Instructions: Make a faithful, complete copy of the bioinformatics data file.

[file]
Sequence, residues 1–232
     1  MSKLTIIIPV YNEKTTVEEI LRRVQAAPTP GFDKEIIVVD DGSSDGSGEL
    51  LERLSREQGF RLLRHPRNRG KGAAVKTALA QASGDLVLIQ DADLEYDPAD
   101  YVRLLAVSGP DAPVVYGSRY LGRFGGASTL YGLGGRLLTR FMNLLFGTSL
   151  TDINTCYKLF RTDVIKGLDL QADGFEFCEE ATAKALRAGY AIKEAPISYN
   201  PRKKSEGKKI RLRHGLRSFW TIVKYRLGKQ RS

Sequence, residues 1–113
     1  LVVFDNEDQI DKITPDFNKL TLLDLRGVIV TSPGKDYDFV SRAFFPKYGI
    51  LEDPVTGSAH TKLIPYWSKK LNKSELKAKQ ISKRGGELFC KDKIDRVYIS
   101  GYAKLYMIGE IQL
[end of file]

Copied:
Sequence, residues 1–232
     1  MSKLTIIIPV YNEKTTVEEI LRRVQAAPTP GFDKEIIVVD DGSSDGSGEL
    51  LERLSREQGF RLLRHPRNRG KGAAVKTALA QASGDLVLIQ DADLEYDPAD
   101  YVRLLAVSGP DAPVVYGSRY LGRFGGASTL YGLGGRLLTR FMNLLFGTSL
   151  TDINTCYKLF RTDVIKGLDL QADGFEFCEE ATAKALRAGY AIKEAPISYN
   201  PRKKSEGKKI RLRHGLRSFW TIVKYRLGKQ RS

Sequence, residues 1–113
     1  LVVFDNEDQI DKITPDFNKL TLLDLRGVIV TSPGKDYDFV SRAFFPKYGI
    51  LEDPVTGSAH TKLIPYWSKK LNKSELKAKQ ISKRGGELFC KDKIDRVYIS
   101  GYAKLYMIGE IQL